Veronika Zarnitsyna is an Assistant Professor in the Department of Microbiology and Immunology at Emory University School of Medicine. She completed her master’s degree in Physics at the Moscow Institute of Physics and Technology and her PhD in biophysics at the Institute of Theoretical and Experimental Biophysics in Puschino, Russia. Applying single-molecule techniques to T cells and neutrophils during her postdoc at Georgia Tech, she became fascinated by their intricate responses, and this experience changed her professional trajectory. She completed an intensive summer course, Physiology, in the Marine Biological Laboratory in Woods Hole followed by her postdoc in the immunology field at Emory University. Since she joined the Department of Microbiology and Immunology in 2015, she is doing integrative work with data from human studies and mouse immunity experiments, focusing on modeling humoral and cellular adaptive immunity to viral infections.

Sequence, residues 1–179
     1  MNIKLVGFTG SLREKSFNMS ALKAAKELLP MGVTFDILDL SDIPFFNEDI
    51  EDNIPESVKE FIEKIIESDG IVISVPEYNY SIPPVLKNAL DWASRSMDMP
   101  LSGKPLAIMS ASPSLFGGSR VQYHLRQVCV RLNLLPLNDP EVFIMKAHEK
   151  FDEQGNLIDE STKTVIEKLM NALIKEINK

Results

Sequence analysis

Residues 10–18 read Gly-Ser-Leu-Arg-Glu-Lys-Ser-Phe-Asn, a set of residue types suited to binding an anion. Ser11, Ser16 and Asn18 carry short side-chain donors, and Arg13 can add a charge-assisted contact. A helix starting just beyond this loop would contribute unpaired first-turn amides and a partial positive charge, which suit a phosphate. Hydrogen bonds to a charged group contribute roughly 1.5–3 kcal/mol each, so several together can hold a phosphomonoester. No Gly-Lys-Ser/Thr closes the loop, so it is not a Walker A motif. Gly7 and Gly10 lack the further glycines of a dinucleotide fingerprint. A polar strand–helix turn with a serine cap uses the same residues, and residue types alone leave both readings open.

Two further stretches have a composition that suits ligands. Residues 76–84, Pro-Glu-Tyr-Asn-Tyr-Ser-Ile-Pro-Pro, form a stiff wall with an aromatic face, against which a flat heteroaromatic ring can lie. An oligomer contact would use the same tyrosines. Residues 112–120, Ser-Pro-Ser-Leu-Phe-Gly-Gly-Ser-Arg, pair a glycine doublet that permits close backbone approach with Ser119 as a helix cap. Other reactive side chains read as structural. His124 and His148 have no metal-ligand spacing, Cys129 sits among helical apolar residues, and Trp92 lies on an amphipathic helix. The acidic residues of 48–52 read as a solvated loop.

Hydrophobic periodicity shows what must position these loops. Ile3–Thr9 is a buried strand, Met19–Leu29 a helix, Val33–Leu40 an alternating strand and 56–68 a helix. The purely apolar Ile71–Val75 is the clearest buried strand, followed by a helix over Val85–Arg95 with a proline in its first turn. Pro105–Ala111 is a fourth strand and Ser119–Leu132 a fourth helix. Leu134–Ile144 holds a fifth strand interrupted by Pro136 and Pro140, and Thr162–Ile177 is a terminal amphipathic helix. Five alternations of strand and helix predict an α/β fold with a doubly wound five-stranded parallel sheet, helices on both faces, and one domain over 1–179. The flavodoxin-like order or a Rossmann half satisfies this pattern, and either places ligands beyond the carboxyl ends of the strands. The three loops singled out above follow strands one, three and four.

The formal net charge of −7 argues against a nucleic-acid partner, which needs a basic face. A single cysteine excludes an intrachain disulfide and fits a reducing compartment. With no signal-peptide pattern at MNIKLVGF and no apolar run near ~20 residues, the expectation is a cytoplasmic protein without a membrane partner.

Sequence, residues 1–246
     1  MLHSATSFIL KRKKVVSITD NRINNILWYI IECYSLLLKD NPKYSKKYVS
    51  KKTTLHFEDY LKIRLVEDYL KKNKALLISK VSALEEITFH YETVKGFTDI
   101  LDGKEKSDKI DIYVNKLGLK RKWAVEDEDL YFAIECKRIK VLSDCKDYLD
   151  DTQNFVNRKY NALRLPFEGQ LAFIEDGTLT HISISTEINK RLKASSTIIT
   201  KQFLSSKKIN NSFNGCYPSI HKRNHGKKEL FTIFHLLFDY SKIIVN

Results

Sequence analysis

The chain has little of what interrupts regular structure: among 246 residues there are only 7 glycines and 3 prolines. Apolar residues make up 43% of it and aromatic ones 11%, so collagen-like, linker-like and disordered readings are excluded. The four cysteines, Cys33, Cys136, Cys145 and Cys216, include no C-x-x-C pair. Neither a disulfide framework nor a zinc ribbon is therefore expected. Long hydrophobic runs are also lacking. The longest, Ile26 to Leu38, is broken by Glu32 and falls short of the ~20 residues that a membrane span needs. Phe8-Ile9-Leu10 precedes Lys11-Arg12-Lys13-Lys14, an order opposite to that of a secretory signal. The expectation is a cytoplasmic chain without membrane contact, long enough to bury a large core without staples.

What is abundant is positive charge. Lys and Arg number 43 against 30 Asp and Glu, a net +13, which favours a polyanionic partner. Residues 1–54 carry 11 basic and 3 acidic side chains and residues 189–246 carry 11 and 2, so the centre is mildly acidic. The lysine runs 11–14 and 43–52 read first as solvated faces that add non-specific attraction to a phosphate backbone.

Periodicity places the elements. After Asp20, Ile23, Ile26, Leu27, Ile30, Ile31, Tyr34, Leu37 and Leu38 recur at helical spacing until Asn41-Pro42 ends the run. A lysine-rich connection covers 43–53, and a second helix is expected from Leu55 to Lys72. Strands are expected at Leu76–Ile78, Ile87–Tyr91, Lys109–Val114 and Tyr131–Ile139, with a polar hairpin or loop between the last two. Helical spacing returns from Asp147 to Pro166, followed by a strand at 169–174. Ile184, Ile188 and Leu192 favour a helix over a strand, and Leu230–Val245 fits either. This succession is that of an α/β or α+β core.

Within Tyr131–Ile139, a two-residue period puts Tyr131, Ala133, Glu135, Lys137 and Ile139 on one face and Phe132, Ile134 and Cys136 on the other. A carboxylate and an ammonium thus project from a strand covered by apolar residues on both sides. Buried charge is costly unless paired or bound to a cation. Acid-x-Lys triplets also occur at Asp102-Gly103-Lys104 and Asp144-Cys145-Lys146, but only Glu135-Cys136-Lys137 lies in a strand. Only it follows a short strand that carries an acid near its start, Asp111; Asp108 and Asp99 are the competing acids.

• Assistant Professor, Department of Microbiology and Immunology, Emory University School of Medicine, 2015-present
  • MPI, NIH U01 “Multiscale modeling of influenza vaccination strategies for optimal T cell immunity”
  • Associate Member, The American Association of Immunologists (AAI), 2019 – current
  • Member of Multiscale Modeling and Viral Pandemics Group and Group Lead for subgroup Physiological Models: Innate and adaptive immune response, 2020 – current
  • Sigma Xi Best Paper Awards, Georgia Tech Chapter, 2008 (PNAS 2007 paper)
& 2011 (Nature 2010 paper)


      • Estimation of vaccine effectiveness in the case of fast intraseasonal waning; simulation of epidemics (ODE and agent-based modeling)
      • Predictive models of immune response to viral infections; role of preexisting immunity in shaping immune response
      • T cell cross-reactivity and functional T cell repertoire
      • Analysis of longitudinal data for immune response to infection (mixed-effects models), maintenance and waning of immunity
      • Pathogens that exhibit strain variation (e.g., influenza, SARS-CoV-2




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